“Les Pauls, Teles, and Strats Restricted Me”: Joe Satriani Explains His Devotion to Ibanez Guitars

Joe Satriani performs at Wiener Stadthalle on April 8, 2023 in Vienna, Austria.
(Image credit: Mario Skraban/Getty Images)

“Whenever you’re dealing with the idea of matching a guitar sound to a song, the first thing you have to ask yourself is, ‘What do I want to say with my instrument?’ Joe Satriani told Guitar Player. “You have to consider your intentions, and that becomes context.

“Context will ultimately define if your tone is good and proper for what you’re trying to put across.”

Synonymous with Ibanez, Satriani has maintained his loyalty to the Japanese firm for decades and his signature guitars remain the engines of his creative work. So how did it all begin? “What I noticed when I was growing up and developing my style, was that Les Pauls, Teles, and Strats restricted me,” he reveals.

“I wanted to play a certain way. But my knuckles would hit the horn on ES-335s, Telecasters and Les Pauls would dig into the underside of my forearm, and things like that.”

Guitarist Joe Satriani performs on stage at the Limelight in Chicago Illinois, June 27, 1987.

Joe Satriani, 1987. (Image credit: Paul Natkin/Getty Images)

While the Strat proved more lenient, the vibrato system still wasn’t working out for Satch. Ultimately, he needed something more stable.

“All of a sudden, the Floyd Rose comes into being,” he recalls. “It had to be invented, because somebody had to solve the tuning issue and make a better vibrato bar.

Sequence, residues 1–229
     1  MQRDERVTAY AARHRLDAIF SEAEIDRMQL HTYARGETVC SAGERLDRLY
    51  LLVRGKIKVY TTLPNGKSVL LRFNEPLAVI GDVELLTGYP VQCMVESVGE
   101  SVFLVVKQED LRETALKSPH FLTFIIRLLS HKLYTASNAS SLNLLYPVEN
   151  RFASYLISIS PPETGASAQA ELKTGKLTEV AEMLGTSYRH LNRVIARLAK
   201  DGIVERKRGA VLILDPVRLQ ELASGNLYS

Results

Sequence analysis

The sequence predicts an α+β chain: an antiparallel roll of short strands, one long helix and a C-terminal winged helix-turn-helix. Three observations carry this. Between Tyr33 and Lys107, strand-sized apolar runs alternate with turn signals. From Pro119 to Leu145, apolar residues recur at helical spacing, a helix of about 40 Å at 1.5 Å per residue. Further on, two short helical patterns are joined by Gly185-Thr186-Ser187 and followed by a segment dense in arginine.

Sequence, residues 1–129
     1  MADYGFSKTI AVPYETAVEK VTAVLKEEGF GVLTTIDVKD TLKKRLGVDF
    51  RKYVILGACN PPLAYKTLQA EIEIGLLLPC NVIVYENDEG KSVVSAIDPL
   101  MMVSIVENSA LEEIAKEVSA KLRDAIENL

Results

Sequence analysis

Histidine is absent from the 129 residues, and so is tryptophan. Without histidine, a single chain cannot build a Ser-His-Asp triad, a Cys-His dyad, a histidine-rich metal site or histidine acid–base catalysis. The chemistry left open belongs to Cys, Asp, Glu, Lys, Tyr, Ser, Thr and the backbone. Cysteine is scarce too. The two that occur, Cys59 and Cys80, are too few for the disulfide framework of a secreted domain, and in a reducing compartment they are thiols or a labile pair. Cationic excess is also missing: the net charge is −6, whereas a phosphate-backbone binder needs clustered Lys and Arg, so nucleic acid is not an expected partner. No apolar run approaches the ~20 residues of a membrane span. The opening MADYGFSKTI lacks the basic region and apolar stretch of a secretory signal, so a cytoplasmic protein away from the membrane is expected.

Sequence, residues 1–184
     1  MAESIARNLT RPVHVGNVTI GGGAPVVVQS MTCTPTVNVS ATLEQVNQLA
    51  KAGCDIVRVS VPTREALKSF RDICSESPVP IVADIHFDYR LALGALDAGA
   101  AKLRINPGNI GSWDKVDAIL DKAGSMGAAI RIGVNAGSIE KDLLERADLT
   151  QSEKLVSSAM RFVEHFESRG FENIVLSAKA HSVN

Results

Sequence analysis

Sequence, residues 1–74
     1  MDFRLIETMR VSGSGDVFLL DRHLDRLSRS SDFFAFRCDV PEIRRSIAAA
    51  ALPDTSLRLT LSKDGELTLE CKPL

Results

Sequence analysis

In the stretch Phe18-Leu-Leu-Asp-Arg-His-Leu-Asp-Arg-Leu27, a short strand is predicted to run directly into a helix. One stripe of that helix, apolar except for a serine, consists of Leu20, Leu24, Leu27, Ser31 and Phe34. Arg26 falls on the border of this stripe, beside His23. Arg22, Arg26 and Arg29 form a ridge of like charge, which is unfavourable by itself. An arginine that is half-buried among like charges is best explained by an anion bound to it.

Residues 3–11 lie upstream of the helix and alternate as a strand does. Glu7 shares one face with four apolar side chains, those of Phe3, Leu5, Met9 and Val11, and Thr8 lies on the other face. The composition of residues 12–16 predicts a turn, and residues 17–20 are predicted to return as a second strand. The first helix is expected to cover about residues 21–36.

“Also, I had been putting guitars together myself with Boogie Bodies and ESP necks, and all this stuff, but it wasn’t until Ibanez sent me a 540R that I realized, ‘Hey, this doesn’t look like a ’50s guitar, and it produces a whole other sound.’”

While physical comfort was a crucial factor in realizing the ultimate JS guitar, so too was sound.

It wasn’t until Ibanez sent me a 540R that I realized, ‘Hey, this doesn’t look like a ’50s guitar, and it produces a whole other sound’

Joe Satriani

“I had to start working on the sound, because the guitar has to be elegant in how it makes its transitions,” explains Satriani. “I start a song, I play a riff, I immediately go into a melody, there are little solo flourishes around the melody, there’s an intense melody that may involve totally destroying the guitar with the whammy bar and other techniques, and then go back to the melody to finish the song. I do that for two and a half hours onstage, and instruments of that ’50s design just don’t work.

“Steve Blucher at DiMarzio has been working with me for years to figure out pickups that would allow me to have a specific voice when I play melody, but also have a big, broad sound when I play chords. It’s easier said than done. There’s real subtlety in those shadings.

“In addition, Gary Brawer and Ibanez’s Los Angeles Custom Shop spent many years on getting the mass out of the tremolo bar so that it didn’t make the guitar sound boingy. It’s constant refinement, because when I play a song like “Headrush” or “Energy,” I don’t want the guitar to stop me at all.

“I need it to be open to interpretation.”

Joe Satriani 'The Elephants of Mars' album artwork

(Image credit: earMusic)

Order Joe Satriani's latest album, The Elephants of Mars, here.

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